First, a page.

Official: Crowds up for 146th reenactmentBy Alex Bridges -- email@example.com MIDDLETOWN -- Simon Taylor didn't die at the Battle of Cedar Creek -- this time.
The Civil War re-enactor from Rochester, N.Y., joined nearly 4,000 others like him on Saturday for the 146th anniversary reenactment at the historic Cedar Creek Battlefield near Belle Grove Plantation.
The event drew thousands more who strolled through the camps before sitting on the sidelines to watch the re-enactors recreate the integral battle. Tim Stowe, president of the Cedar Creek Battlefield Foundation, said participation and attendance were up from previous years, likely because of the warmer, drier weather.
Spectators came to see loved ones participate in the re-enactment, to satisify a love of Civil War history or out of curiosity. Several history buffs noted the reenactment is one of few held on the actual battlefield rather than elsewhere.
"I thought it was really nice," said Sara Thacker, of Mechanicsville, there to see her husband, Dennis, participate on the Confederate side. "I didn't know it was gonna be like right in front of us. This is the first time I've actually seen one, so I thought it was really cool."
Tim Hodge, who has seen other reenactments, brought his wife, Suzy, from their home in Harrisburg, Pa.
"This is one of the best ones," he said.
Mrs. Hodge said her great-great grandfather served as a scout for the 12th Pennsylvania cavalry of the Union forces.
"You read it in a book, but it's hard to visualize all the tactics, especially if you don't have that background," she said. "I like to see it here and it kinda comes together."
Several reenactors and spectators said the smaller, lesser-known battles often were the bloodiest but receive little to no mention in history lessons.
"You hit very minimal in school. You learn so much more here," said Cori Vaughn, of Newville, Pa., whose son, Kyle, stood holding a flag with the Confederate troops and sparked her interest in re-enacting.
Brian Gesuero, of Federalsburg, Md., Ken Obenland, of Frederick, Md., and John Moss, of Coatesville, Pa., rode horses in the Confederate camp area, wearing uniforms that didn't match, indicative of the period.
"Supplies were so scarce, just like with this coat, there's no catgut to indicate my rank on my sleeve," Gesuero said, pointing to the jean-like material. "There's no colored cuff to indicate ... It's very basic."
"When I do, like, [the Battle of] Sayler's Creek [near Farmville] it's almost civilian clothing," Obenland said.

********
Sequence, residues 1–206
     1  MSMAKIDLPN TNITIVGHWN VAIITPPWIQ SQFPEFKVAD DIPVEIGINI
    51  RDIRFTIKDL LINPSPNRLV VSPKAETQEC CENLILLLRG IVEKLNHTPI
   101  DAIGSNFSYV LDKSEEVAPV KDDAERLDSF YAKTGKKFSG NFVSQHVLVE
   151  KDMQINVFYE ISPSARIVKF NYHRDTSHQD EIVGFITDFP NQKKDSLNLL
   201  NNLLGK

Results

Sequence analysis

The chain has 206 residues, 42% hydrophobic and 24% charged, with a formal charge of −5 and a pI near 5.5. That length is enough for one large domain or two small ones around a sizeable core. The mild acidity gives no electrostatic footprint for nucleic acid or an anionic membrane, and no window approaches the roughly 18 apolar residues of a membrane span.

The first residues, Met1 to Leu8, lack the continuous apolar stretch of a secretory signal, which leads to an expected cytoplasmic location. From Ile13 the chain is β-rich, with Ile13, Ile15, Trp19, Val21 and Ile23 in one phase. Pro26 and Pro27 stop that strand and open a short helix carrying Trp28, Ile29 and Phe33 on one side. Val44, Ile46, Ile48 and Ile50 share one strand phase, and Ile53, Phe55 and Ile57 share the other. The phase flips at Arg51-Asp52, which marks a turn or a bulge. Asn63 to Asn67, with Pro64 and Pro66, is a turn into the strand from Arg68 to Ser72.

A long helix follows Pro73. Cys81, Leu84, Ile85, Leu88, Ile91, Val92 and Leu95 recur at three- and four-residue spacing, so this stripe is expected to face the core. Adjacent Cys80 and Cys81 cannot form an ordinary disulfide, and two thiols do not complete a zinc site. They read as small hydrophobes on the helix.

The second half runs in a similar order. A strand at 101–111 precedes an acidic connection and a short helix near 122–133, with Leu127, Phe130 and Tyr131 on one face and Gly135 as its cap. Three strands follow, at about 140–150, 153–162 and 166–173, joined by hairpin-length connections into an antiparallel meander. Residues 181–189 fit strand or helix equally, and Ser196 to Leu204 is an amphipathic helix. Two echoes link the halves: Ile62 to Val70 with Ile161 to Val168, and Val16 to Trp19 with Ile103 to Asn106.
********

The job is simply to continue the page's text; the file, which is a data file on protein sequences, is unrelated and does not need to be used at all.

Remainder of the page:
"It was a little different after Gettysburg," Gesuero said. "Times were tougher then. A little more desperate."
Gesuero said he has four, great-great-great uncles from Nelson County who fought for the Confederacy.
Moss' links to the Civil War come from Georgia. One of his ancestors survived several years in a prison at Camp Douglas.
"He was never right," Moss said. "He probably had post-traumatic stress."
Wendy Knox, who lives near Gettysburg, Pa., stood wearing a hooped dress as her 1-year-old son, Mason, sat on a blanket. Her son had on a dress because, as Knox explained, boys at the time wore them until they were potty trained.
Taylor stood with fellow reenactors, John Fegley and Larry Peterson, both of Cornell, N.Y., on the field after the battle.
"[I've] always been a Civil War buff, and instead of reading about it, we get a chance to actually semi-live it," Peterson said.
The three admitted a reenactment can sometimes deviate from a plan, requiring participants to pause, regroup and fall back in line.
"This one went OK," Taylor said. "There were a couple of points where I'm standing there in line and I'm looking down to our right and while we're supposed to be pushing the Confederates back, we've got Rebs coming around our flank with their cavalry almost behind us down at the bottom of the creek down there, so it got a little bit silly at points."
Reenactors, soldiers and civilians said realism is important.
"When you get within here to that bullhorn [approximately 20 feet] to the Confederates, and you're shootin' back and forth at each other, the spectators can see that and common sense says someone's supposed to get down," Fegley said. "I got down on that flat there and the Johnny's are shootin' and it's point-blank range -- I'm takin' a hit."
"These things have to happen," Taylor chimed in.
"I didn't die today," Taylor said. "I was gonna die a couple -- I was gonna take a hit or whatever -- I was gonna go down a couple of times but I basically decided I kinda wanted to stay in line to keep an eye on what's going on."
"The other thing, too, with this, is we're kind of each other's brothers' keeper," Fegley said. "Safety's a big issue ... right down to some details some people normally wouldn't think about. Everybody's gonna go home happy."
"And not injured," Peterson said.